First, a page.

‘Blanc du Bois’ is a white hybrid grape cross developed by Dr. John A. Mortensen at the University of Florida’s Central Florida Research and Education Center (Leesburg, FL) in 1968. In Mortenson’s original release document, he indicated three descriptors of significance for ‘Blanc du Bois’: (1) early ripening; (2) grows well on its own roots (though rootstocks may be necessary on some soils and for nematodes); and of greatest significance, (3) resistance to Pierce’s disease. In addition, and also of major importance, ‘Blanc du Bois’ has very good wine making qualities. It was named in recognition of Emile DuBois, an immigrant from France to Florida, who planted >150 grape cultivars in the Tallahassee area and produced award-winning wines in his time. ‘Blanc du Bois’ is considered one of the best southeastern cultivars for premium wine due to its balanced flavor and resistances to both Pierce’s disease, phyllozera, and powdery mildew. It grows vigorously with a semi-erect growth pattern and produces medium-sized clusters with large berries. ‘Blanc du Bois’ ripens mid to late July in areas of Georgia west of Atlanta and will yield 1.8-4.5 metric tons (2-5 tons) per acre with good viticultural practices. It is grown throughout the Southeast but is most common in Florida, Georgia, Louisiana, and Texas. Though well adapted to the southeastern climate, it is still highly susceptible to anthracnose. The soluble solids content is on average lower than Vitis vinifera cultivars.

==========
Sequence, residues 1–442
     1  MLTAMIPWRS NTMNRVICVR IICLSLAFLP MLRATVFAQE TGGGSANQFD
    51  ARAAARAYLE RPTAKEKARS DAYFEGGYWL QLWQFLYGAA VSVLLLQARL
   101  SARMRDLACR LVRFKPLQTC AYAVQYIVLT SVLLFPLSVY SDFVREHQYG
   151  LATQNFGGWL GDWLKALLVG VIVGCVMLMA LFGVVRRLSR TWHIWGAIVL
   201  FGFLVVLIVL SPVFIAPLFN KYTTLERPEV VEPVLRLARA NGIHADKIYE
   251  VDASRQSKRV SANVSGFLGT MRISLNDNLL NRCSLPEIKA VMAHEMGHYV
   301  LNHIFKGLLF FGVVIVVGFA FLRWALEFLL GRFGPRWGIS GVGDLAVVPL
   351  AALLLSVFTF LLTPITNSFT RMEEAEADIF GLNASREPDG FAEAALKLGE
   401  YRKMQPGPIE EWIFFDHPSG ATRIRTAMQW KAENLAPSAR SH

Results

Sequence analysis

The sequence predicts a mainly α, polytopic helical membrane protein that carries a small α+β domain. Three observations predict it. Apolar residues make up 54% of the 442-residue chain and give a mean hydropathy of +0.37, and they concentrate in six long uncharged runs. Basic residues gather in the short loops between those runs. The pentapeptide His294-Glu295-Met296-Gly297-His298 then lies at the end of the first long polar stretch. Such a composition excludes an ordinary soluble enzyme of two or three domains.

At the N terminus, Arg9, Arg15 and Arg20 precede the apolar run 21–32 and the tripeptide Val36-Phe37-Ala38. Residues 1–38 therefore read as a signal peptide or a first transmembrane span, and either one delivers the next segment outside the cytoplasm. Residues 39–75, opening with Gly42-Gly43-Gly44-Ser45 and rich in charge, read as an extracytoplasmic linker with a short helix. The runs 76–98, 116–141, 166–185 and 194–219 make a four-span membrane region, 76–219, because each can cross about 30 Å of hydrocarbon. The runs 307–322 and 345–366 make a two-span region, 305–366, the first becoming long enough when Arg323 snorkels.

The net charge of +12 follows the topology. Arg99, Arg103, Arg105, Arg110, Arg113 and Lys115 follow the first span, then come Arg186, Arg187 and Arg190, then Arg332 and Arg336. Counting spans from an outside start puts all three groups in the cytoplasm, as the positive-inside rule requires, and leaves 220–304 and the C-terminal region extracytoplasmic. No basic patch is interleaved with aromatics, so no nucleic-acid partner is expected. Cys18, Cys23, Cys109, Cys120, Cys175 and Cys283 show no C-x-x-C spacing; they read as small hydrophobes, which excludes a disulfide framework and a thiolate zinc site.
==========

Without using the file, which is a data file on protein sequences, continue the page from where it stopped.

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MidSouth is a red grape that was bred in Mississippi. While it has been used to make wine, it is more often used for products like juice, jelly, or jam. The potential exists for wine production, but it may have best utility as a blending grape. It was released in the early 1980s along with two other grape cultivars, Miss Blanc and Miss Blue. It is currently being grown in Mississippi and Texas, but only on a limited scale. In Mississippi the vine is moderately vigorous and productive. It is well adapted to the heat and humidity of the Gulf Coast area. The wine has some susceptibility to anthracnose, black rot, and other fungal diseases, but appears to be highly resistant to Pierce’s disease. MidSouth is highly susceptible to root knot nematodes.